With a set of logos that could be good contenders, I ran a preference test in Usability Hub and with the logo to collect votes on which logo users liked the most. With 38% of a vote amongst 7 logos, I went with what users preferred the most, the coffee icon with a bold font in Inter.

Later, when putting together my high fidelity mockups, I began to realize the brown logo didn’t have the contrast to “pop”, so I looked for the best hue of orange. I picked orange because it’s a combination of red (which means energy, and coffee gives you energy!) and yellow (which means happiness, coffee makes you happy, too!).

sip logo
sip logo

Style Guide

The Style Guide is created to share the direction of styling for the new site, Sip, and helps with passing information down to the developers and the rest of the team who will be working on it.

I want the site to look clean, colorful, but a pop of color to be bright, and gender-neutral. I chose the color orange, because it's a combination of red (energy), and yellow (happy). I picked out the typeface sans-serif Inter, and used different weights to show heiarchy.

Creating the style guide helped turn the wireframes into higher fidelity screens.

Click each photo below to enlarge.

style guide style guide style guide style guide style guide style guide style guide style guide style guide style guide
Preference Testing

Do you prefer this or that?

While I was building my high fidelity mockups, I ran some design blocks, so I chose to do some Preference A/B testing to see what users preferred seeing. I asked for feedback on the shape of the frame of the video, the background color of the AR Barista Mate badge, and whether the navigation bar should have a background color. With these results, I continued to put together the high fidelity mockups.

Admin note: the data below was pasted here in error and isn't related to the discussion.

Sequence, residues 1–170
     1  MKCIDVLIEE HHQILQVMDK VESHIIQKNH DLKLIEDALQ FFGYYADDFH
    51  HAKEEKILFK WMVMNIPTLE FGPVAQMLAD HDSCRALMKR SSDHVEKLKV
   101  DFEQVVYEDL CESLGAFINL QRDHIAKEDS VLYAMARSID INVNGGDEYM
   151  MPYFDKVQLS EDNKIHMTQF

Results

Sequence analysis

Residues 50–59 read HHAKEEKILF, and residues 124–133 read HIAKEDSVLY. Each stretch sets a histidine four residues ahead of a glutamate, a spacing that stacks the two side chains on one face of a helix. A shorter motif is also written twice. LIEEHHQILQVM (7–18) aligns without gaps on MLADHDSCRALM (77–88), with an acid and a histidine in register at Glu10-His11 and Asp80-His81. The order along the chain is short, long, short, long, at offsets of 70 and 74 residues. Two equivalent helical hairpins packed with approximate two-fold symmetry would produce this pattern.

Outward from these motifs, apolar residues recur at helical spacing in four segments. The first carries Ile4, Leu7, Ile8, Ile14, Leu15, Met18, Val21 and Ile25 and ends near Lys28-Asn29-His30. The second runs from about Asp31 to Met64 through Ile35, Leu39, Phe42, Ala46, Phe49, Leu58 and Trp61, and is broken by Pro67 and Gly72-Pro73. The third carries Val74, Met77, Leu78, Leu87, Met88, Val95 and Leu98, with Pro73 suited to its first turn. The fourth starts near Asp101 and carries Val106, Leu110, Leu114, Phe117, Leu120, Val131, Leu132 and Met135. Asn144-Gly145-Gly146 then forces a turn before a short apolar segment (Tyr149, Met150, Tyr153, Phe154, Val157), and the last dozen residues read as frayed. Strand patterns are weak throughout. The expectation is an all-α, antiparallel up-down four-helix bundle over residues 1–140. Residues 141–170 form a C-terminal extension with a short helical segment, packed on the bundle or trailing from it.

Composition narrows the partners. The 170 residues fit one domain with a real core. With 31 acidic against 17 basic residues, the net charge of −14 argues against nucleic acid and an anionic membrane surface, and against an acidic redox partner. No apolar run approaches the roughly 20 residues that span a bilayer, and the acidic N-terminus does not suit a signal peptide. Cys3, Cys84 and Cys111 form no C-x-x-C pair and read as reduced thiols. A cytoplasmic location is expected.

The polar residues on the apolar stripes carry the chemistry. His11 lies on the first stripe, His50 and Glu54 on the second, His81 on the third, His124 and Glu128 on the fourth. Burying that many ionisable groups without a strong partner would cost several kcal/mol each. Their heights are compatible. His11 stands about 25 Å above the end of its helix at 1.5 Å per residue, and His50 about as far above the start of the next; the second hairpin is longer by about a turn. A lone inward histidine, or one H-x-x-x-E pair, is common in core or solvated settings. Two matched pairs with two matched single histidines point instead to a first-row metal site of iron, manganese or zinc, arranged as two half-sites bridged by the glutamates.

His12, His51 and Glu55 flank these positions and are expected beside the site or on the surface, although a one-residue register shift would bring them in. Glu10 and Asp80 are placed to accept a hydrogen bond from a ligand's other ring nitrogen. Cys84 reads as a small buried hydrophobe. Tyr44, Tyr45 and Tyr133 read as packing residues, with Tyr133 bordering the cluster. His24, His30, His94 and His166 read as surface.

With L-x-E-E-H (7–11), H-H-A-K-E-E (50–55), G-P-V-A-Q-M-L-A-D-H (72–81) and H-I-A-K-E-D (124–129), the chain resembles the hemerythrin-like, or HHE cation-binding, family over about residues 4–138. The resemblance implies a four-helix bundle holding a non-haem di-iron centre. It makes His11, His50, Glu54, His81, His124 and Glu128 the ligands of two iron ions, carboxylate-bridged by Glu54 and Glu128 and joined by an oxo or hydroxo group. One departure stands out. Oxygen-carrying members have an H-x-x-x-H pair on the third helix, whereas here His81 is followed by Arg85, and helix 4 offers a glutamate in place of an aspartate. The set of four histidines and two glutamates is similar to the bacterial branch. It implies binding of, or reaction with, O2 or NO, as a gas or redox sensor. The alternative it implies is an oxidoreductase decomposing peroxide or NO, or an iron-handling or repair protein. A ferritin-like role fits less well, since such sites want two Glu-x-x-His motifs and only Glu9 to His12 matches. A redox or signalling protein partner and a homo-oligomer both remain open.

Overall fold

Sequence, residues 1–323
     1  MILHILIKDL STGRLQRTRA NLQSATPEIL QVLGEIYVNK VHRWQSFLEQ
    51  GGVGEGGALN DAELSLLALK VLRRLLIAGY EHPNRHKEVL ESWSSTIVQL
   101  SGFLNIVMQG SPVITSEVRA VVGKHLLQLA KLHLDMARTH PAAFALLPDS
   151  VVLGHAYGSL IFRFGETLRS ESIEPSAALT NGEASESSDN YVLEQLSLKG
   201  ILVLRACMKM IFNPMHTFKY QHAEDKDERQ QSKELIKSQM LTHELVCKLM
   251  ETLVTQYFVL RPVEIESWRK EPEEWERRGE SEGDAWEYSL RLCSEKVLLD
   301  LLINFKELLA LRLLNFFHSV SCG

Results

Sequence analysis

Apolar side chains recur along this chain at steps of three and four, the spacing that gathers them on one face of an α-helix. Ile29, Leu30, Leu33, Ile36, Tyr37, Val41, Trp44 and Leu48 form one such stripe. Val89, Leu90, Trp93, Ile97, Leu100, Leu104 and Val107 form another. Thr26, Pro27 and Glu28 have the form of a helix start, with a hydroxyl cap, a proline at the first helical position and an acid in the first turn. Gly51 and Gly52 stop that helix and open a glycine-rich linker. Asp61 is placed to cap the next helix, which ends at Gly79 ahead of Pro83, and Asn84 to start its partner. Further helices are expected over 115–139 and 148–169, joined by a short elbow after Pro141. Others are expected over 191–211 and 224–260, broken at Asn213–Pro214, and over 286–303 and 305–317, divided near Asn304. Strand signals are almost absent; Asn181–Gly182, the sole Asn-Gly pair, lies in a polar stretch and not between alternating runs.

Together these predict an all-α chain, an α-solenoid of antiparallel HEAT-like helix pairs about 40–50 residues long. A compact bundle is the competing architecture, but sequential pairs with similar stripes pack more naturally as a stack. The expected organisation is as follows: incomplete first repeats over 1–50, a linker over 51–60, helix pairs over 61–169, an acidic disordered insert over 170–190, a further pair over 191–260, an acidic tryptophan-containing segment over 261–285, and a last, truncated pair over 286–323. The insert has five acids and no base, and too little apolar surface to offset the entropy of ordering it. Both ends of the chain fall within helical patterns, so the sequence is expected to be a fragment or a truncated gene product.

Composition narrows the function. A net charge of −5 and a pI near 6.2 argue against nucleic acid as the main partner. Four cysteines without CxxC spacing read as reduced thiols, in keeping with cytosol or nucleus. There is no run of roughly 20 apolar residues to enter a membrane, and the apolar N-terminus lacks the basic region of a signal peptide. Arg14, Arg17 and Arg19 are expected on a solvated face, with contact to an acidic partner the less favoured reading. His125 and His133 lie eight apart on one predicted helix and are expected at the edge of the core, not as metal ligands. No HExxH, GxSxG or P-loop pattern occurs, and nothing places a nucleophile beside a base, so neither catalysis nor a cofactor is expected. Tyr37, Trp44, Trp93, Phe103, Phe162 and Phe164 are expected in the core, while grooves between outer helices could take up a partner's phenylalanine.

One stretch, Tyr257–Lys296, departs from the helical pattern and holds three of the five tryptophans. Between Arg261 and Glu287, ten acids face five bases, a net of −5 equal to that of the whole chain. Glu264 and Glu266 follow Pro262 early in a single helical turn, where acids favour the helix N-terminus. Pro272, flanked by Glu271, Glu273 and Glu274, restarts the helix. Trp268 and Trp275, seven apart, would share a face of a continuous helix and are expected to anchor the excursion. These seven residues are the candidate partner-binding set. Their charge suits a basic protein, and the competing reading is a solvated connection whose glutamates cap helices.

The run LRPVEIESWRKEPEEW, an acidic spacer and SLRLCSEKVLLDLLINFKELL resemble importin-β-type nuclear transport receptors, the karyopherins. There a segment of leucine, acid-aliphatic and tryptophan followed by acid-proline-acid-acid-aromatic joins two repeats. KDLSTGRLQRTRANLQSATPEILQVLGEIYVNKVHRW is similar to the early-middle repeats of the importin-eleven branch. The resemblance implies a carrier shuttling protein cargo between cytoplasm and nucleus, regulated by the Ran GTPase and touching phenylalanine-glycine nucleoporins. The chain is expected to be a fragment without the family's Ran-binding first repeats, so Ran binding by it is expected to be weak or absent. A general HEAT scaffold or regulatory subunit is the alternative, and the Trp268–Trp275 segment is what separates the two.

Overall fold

Creating High Fidelity Mockups

high fidelity mockups

In this stage, I built the fidelity mockups. With the users picking out their preferences, it helped me move forward and finish these mockups. In this phase I also changed the colors from brown to find the perfect shade of orange.

I also built out a few screens for AR Barista Mate, the interactive experience through augmented reality for users to help overcome pouring the correct ratios for their recipes.

sip high fidelity mockups
User Testing

Testing the high fidelity mockups

Throughout the life of Sip, I ran through several user tests such as Preference A/B Testing, User tests through Maze, and in person Usability tests. While all of these tests were done for different purposes, I found that each test helped in making the design decisions.

Sip Maze Test
View Usability Test Results

Based on the feedback from usability testing, and testing via Maze, here are the revisions that were made to Sip:

  • • Include a “play” button for videos so theres a signifier that these are videos, because my users were not sure if these were just pictures, or if it was clickable.
  • • Change the color of the AR Barista Mate Badge from white to orange.

    Even though I did a Preference A/B test for the AR Barista Mate badge, I decided to change the badge to orange so it would be noticeable and users wouldn’t miss it.

  • • Adjusting the ‘filter’ button from an “orange” to “gray” to indicate something has changed from the off-state and filter options and the “on-state” where the filters are visible.
  • • Create an extra ‘about’ page for AR Barista Mate and add it to the Navigation Bar.

    AR Barista Mate was created because users have issues figuring out the right ratios to use when making their coffee. I made this ‘about’ page to help users understand the features and how to use AR Barista Mate.